Gab instead of Twitter, MeWe over Facebook, Telegram for messaging and Discord for insiders – banned from mainstream platforms, US conspiracy and supremacist movements, many of which support Donald Trump, have shifted to networks that are more confidential, and harder to regulate.
“The most extreme Trump supporters were already on alternative platforms,” said Nick Backovic, a researcher at Logically.AI, a company specialising in digital disinformation.
After the deadly January 6 attack in Washington, when hundreds of Trump supporters stormed the US Capitol, the major social networks took action against the organisations involved, such as the Oath Keepers, Three Percenters, and Proud Boys.
Facebook stepped up its purges of accounts linked to armed movements – nearly 900 accounts in total were shut down. Twitter has permanently banned Trump and shuttered 70,000 accounts affiliated with QAnon, a conspiracy theory that claims the former president is engaged in a battle against a global cult of elite Satan-worshipping pedophiles.
“Deplatforming works,” said Jim Steyer, president of the organisation Common Sense Media. “Now that you look at Trump not being on Twitter, he lost his big speaker, his amplification microphone to the world.”
But millions of fervent extremists and conspiracy theorists refuse to back down, according to experts who fear that censorship will unite individuals who are otherwise very different.
“Look at the makeup of your QAnon, you have folks that would traditionally join militias. And you also have some traditional Republicans, you have your health and wellness yoga instructors and soccer moms,” said Alex Goldenberg, an analyst at the research center Network Contagion Research Institute (NCRI).
“There was quite a bit of difference between these conspiracy communities and traditional Nazi communities or white supremacist communities. But it seems like in the face of censorship, they’re starting to meld together in the same communities, because that’s really the only place left for them to go,” he said.
Disappointed followers are banding together under other banners, particularly the anti-vaccine movement. On the encrypted messaging platform Telegram, groups of tens of thousands of Trump supporters share false rumors about “depopulation vaccines,” in between insults against President Joe Biden or migrants.
These vehement exchanges in uncharted corners of the Internet could be similar, in the eyes of authorities, to the conversations and rants that occur in bars or around the family table.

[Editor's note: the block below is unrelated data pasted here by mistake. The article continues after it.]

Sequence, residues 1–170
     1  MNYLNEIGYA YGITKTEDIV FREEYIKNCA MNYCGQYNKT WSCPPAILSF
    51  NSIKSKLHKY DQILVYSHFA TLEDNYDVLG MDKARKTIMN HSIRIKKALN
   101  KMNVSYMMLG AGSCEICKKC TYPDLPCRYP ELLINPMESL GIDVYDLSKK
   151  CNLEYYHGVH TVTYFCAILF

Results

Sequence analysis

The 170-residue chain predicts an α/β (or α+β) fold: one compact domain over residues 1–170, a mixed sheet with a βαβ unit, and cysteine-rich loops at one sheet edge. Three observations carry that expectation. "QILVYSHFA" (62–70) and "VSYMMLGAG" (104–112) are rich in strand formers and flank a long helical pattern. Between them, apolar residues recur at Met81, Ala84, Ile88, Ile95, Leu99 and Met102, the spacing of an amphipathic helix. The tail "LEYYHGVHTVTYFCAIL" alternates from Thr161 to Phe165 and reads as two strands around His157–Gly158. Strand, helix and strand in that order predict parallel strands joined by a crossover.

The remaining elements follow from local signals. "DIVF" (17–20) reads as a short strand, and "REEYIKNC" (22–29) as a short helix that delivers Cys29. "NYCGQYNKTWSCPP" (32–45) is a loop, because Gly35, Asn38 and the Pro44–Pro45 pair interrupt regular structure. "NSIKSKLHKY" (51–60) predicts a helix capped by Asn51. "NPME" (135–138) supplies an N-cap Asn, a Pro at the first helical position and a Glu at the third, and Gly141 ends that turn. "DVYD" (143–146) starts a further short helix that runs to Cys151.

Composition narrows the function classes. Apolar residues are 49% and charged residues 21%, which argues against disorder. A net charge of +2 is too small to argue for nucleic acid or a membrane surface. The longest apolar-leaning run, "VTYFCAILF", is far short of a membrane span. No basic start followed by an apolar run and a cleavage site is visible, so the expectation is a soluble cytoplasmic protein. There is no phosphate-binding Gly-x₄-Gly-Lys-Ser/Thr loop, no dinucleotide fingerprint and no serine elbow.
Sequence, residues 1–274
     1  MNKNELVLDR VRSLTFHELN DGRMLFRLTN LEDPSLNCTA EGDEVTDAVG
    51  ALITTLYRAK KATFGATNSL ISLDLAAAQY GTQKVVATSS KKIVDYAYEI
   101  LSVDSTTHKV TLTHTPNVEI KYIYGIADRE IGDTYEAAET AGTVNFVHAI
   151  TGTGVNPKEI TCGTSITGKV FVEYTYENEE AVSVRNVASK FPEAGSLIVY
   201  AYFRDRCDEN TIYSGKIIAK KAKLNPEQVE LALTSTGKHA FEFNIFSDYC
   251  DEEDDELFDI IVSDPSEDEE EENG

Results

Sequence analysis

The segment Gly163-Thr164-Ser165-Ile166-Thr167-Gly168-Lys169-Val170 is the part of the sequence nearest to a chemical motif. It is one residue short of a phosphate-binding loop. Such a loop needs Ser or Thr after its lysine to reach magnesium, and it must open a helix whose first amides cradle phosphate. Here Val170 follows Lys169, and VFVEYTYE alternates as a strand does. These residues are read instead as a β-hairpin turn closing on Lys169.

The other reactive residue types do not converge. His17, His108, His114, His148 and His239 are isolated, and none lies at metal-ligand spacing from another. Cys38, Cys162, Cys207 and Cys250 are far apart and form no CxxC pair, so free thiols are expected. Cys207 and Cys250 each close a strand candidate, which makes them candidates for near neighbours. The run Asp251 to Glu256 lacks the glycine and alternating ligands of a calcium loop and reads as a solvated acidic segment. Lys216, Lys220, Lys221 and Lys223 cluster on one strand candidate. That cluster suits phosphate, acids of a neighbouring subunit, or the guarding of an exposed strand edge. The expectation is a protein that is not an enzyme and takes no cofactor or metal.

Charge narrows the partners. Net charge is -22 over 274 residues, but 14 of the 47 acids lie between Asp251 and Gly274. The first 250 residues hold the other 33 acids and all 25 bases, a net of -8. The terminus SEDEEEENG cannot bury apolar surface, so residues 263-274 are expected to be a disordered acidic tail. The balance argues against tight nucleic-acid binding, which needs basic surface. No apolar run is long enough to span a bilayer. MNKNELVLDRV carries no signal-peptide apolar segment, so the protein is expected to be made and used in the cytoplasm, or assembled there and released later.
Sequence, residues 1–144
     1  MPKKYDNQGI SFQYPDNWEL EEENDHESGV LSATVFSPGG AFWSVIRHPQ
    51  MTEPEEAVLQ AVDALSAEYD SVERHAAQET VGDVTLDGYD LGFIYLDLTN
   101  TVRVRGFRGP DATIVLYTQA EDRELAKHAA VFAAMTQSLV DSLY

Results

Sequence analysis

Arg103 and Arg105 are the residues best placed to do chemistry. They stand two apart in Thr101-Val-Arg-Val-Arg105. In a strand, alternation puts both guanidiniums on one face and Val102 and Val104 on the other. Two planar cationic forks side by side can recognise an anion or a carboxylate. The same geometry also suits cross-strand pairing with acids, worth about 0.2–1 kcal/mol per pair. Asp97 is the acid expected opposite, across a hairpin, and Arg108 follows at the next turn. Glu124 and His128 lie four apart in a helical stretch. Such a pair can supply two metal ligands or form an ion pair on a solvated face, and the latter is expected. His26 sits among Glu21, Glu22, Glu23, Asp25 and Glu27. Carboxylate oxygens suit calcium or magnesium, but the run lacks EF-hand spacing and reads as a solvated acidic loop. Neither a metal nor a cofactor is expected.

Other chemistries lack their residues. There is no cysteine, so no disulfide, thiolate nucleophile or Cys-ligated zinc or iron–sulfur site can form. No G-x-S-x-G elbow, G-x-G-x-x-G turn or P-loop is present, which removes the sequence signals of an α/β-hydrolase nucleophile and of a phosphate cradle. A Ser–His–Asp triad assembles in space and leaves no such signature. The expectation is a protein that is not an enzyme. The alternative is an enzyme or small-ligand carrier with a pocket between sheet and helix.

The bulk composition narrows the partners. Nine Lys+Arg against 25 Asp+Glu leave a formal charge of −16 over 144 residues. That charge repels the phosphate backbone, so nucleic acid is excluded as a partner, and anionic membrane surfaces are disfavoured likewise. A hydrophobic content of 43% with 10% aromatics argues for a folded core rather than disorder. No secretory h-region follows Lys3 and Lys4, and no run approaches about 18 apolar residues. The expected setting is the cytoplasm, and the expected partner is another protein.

But while exclusion from major platforms has limited extremist movements’ large-scale recruitment capacity, embers smolder under the ashes.
At the end of January, for instance, a group of protesters interrupted COVID-19 vaccinations in a Los Angeles stadium, one of the country’s largest dedicated sites.
But the need to regulate alternative platforms comes up hard against moral and practical constraints. The limits of freedom of expression are the subject of heated debate in the United States.
Parler, a Twitter alternative favoured by conservatives, found itself booted offline for several weeks, shut out of the internet by Google, Apple, and Amazon because it violated their rules on moderating content that incited violence.
But the platform came back online in mid-February.
Gab and MeWe, which resemble Facebook, saw their popularity explode in the wake of the January 6 attack. According to Goldenberg, the platforms are mostly used by people who need to express their frustration.
“There wasn’t a pandemic in 2020. The flu was weaponised to destroy the economy and steal the election (from Trump),” insisted Gab user ILoveJesusChrist123, commenting on a statement by the former president posted to the platform.
Telegram is more conducive to action, via private groups protected by encryption. Firearm aficionados, on the other hand, interact on the forum MyMilitia.com.
But where Gab’s founders don’t hide their links to QAnon, MeWe, and Telegram say they could go without any association with conspiracy theorists.
Both networks have made efforts to moderate postings, but they lack the necessary resources.
“We have to think of the current movement like pollution. These groups grew in power and influence because they were able to operate freely on Facebook and Twitter,” said Emerson Brooking, a specialist in extremists and disinformation at the Atlantic Council think tank.
He recommends competing social networks find a way to share moderating teams and digital resources.
The government should also intervene, says the NCRI’s John Farmer: “The government has the responsibility… to treat those platforms the way, for example, essential things like water and electricity and broadcast media used to be treated as a public trust, and therefore subject to reasonable regulation.”
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